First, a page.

Album reviews: The Flaming Lips - Oczy Mlody, David Bowie - No Plan, Sohn - Rennen, and more

Also Flo Morrissey & Matthew E White – Gentlewoman, Ruby Man, Rick Wakeman – Piano Portraits, and Aaron Lee Tasjan​ – Silver Tears

Andy Gill
Wednesday 11 January 2017 17:43
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The Flaming Lips, Oczy Mlody

★★★★☆

Download: Oczy Mlody; How??; One Night While Hunting...; Listening To The Frogs With Demon Eyes; The Castle

The Flaming Lips have always played around with sly dichotomies of sound and meaning, seeking out things like the chilly implications of sunshine, the anxieties underpinning love, or the dangerous delights of the imagination, and embodying these emotional dialectics in music just as sweetly ominous.

On The Terror, their last album, that balance was slightly out of kilter, resulting in a more harrowing journey than usual; but with Oczy Mlody, they’ve relocated a space closer to the happy place of Yoshimi Battles the Pink Robots, with fear and sadness couched within a fantastical menagerie of unicorns and edible butterflies and frogs with demon eyes, while heavily medicated music simultaneously soothes and soars. It’s a lovely, silly, serious work that draws one in despite the bursts of utopian cosmo-babble.

The instrumental title track encapsulates the album’s duality in musical form, with errantly puttering bass and wetly trembling beat behind a typically wistful keyboard figure: the combination of poignant melody and abrasive experimentalism that recalls The Residents, a comparison that crops up time and gain throughout Oczy Mlody. In “How??”, Wayne Coyne’s fragile voice desolately sketches a dystopian tableau of isolation – “I tried to tell you, but I don’t know how” – interrupted by vocal effects and darting instrumental tangents: dark sentiments draped in a sweet melody, seething with musical extremism.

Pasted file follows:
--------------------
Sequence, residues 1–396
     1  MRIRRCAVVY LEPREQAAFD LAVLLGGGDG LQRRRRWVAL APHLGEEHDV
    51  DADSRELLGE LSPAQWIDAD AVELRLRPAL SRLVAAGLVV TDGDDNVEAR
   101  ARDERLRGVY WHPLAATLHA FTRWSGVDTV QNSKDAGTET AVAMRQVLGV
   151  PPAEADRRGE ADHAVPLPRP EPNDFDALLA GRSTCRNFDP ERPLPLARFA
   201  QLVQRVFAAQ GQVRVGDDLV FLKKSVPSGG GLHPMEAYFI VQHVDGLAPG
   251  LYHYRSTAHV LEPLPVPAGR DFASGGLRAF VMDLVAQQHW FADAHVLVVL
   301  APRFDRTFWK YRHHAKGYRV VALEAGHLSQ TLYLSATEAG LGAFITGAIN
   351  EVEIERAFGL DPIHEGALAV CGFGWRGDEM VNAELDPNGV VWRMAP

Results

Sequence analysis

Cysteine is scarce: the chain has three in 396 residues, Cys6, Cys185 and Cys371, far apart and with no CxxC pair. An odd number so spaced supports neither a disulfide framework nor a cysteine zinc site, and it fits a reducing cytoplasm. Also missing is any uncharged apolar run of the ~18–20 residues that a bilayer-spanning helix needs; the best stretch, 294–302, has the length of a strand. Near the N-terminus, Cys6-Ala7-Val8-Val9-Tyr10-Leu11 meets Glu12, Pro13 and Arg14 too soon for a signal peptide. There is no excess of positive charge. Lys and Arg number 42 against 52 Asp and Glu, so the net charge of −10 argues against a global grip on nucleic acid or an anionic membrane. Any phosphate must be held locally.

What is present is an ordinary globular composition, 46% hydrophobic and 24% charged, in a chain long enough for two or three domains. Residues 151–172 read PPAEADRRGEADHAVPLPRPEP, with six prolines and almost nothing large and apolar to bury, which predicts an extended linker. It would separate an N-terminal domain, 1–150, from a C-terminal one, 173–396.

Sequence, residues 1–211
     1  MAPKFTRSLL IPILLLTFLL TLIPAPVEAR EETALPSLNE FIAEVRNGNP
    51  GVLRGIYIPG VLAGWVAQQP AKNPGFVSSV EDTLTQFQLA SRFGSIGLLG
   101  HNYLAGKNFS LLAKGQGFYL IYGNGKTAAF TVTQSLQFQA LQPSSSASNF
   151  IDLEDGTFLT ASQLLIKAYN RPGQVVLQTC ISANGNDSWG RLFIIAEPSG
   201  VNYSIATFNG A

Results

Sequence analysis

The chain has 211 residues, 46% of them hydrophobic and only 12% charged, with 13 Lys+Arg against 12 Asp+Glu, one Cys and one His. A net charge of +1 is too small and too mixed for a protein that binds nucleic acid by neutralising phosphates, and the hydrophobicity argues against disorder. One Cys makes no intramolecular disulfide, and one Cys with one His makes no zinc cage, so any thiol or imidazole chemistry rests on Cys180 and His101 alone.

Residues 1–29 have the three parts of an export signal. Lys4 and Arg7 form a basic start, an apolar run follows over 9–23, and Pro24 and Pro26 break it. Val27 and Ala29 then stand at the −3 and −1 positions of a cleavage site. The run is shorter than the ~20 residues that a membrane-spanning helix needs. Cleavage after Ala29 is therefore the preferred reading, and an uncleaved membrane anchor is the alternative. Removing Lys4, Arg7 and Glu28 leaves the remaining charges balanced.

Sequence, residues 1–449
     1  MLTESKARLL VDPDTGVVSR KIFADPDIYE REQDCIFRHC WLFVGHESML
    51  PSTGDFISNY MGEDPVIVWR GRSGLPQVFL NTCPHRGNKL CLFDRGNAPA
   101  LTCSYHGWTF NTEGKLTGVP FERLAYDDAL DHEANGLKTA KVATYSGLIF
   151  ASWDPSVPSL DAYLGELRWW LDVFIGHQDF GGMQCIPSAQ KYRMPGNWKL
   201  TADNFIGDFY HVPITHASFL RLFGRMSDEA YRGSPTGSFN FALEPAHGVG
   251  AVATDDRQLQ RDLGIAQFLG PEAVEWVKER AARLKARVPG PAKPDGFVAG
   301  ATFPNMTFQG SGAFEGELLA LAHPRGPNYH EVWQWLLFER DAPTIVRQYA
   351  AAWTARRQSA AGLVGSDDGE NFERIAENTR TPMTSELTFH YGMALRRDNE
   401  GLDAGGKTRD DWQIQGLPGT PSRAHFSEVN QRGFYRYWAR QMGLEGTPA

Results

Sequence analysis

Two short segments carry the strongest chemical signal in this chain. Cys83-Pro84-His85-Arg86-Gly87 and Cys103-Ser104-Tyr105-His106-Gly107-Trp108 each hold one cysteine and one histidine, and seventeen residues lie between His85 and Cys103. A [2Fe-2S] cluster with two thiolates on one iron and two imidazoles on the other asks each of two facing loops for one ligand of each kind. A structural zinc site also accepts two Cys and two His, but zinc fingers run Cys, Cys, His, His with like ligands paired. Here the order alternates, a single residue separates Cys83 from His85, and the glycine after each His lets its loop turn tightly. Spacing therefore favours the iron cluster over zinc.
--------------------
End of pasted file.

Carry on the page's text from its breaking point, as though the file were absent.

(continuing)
In “Listening To The Frogs With Demon Eyes”, Coyne’s vocal recalls Neil Young at his most meander-thal, as he offers a hazy, fragile musing upon nature and space in heavily lysergic terms, with the drifting synths, strings and guitars providing music to match. Elsewhere, juddering vibrato organ and muscular psych-funk bass underpin the sighing wordless vocal of “Nigdy Nie (Never No)”, before a big string arrangement arrives in “Galaxy I Sink” to bathe Coyne’s misgivings and anxieties in balm. And typically, the most satisfying, fulfilled piece here comes with one of the silliest titles, “One Night While Hunting For Faeries And Witches And Wizards To Kill”.

But buried amongst the cosmic fairytale whimsy and unbridled psychedelia lurk sombre moments whose impact is thus placed in sharper relief – most effectively in “The Castle”, a plaintive response to a friend’s suicide, her mind characterised as a castle which “can never be rebuilt, no way”. It’s a touching monument built from the rubble of an emotional ground zero.

Flo Morrissey & Matthew E White, Gentlewoman, Ruby Man

★★★☆☆

Download: Sunday Morning; Look At What The Light Did Now; Thinking Bout You

The covers album is always a double-edged sword, rendered all the more complicated here by being the debut collaboration of apparently incongruous stylists – folksy Anglo chanteuse Flo Morrissey recording with blue-eyed soul sophisticate Matthew E White at his Spacebomb Studio in Virginia.

His light, understated tenor blends well with her piquant tone on the blithe, buttoned-down yacht-rock grooves he creates for Little Wings’ “Look At What The Light Did Now” and Frank Ocean’s “Thinking Bout You”; but an affectless version of Barry Gibb’s “Grease” is less successful, while White’s lollopy take on Leonard Cohen’s “Suzanne” extinguishes its luminous charm. But by far the best interpretation applies a Spector/Wilson groove of chugging keyboards and backing vocals to “Sunday Morning”. Like the smartest covers, it makes you think that perhaps this was what the Velvets were really aiming for all along.

David Bowie, No Plan

★★★★☆

Download: Lazarus; No Plan; Killing A Little Time; When I Met You

For possibly the final issue of studio material by David Bowie, this EP draws together his performances from the Lazarus soundtrack, in effect adding a neat postscript to Blackstar, with “Lazarus” itself forming the bridge.